Santiago Sanchez Salas, a 4th year engineering student at INSA Toulouse, has developed a coupler system allowing to consider cellular observations at the micrometer scale with excellent signal-to-noise intensity and resolution.

Santiago Sanchez Salas arrived in Nantes in early June 2021 for an engineering internship in physics co-supervised by Guillaume Blain (Subatech lab, Radiochemistry team) and Nicolas Varmenot (CRCINA, nuclear oncology team) and funded by IRC TransForMed. His mission: to develop a coupling system between a fluorescence optical microscope and a Raman spectroscopy device to facilitate the observation of cellular compounds before and after irradiation.


“The team had already done some setups with a simple lens as objective, but the resulting spectra were not good enough”, explains the young man. The engineering student also made several attempts during his 4-month internship to develop a high-performance coupler system. Bet won since his final assembly significantly improves the signal-to-noise intensity (x10), as well as the image resolution. “Santiago’s work has made it possible to reproduce the same results as a reference publication from 2016, and even go beyond,” Guillaume Blain is pleased to say.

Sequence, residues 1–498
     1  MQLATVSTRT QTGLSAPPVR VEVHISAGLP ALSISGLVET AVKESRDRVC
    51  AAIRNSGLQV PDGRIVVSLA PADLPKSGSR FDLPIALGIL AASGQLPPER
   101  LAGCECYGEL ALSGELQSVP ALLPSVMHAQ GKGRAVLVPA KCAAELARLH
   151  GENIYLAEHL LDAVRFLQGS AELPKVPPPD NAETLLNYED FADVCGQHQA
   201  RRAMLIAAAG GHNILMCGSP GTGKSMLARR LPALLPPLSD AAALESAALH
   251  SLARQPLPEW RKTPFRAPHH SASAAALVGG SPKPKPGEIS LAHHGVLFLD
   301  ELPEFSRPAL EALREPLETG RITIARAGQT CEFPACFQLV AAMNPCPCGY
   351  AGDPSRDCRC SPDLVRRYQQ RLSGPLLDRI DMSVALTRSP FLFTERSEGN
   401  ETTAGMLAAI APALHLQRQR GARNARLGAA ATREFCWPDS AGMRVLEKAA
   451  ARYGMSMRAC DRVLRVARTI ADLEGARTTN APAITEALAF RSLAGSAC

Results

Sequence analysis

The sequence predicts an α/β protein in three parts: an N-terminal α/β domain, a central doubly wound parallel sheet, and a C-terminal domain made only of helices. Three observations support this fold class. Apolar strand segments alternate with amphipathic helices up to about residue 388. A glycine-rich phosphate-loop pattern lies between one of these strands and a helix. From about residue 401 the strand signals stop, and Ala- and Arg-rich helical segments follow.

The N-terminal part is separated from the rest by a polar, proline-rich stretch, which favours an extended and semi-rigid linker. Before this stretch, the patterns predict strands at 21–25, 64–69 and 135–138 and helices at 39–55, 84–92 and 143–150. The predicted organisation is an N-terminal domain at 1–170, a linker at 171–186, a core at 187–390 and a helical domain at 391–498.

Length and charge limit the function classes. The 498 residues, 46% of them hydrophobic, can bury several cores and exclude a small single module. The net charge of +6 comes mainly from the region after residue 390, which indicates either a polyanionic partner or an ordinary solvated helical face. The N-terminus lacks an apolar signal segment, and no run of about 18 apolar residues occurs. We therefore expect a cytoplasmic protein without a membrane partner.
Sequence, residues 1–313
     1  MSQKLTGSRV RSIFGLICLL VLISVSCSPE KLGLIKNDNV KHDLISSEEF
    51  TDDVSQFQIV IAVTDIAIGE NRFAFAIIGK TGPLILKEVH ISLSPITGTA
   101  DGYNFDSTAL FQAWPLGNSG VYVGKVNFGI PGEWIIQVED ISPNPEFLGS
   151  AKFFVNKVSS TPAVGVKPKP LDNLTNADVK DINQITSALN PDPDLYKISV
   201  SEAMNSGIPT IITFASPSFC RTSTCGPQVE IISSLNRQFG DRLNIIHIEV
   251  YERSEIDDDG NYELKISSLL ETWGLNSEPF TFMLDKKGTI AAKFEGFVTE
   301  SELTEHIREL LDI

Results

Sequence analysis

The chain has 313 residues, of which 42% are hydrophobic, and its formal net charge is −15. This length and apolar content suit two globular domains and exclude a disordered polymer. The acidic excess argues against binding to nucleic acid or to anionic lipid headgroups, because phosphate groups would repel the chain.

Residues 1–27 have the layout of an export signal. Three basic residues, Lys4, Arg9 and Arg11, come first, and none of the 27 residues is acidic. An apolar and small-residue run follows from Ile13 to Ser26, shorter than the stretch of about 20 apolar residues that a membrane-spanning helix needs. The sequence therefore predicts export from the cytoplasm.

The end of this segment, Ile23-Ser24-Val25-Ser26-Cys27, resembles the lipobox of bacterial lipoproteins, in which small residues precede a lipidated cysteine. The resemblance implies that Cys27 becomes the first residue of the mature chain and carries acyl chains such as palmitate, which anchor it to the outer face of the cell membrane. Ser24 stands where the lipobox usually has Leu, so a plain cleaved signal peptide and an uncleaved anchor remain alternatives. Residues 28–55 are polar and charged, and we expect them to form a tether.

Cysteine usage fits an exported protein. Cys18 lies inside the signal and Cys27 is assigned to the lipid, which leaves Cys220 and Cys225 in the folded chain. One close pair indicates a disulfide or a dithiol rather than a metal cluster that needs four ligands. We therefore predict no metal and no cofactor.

A great achievement, which the intern is enjoying: “The project and the team were very inspiring and I am proud to have been able to finish and deliver before leaving. I was surprised by my abilities.” What will he do after his fifth and final year of school? “Medical physics, I hope. I liked research but I don’t want to go into a thesis. Except maybe a thesis in a company.”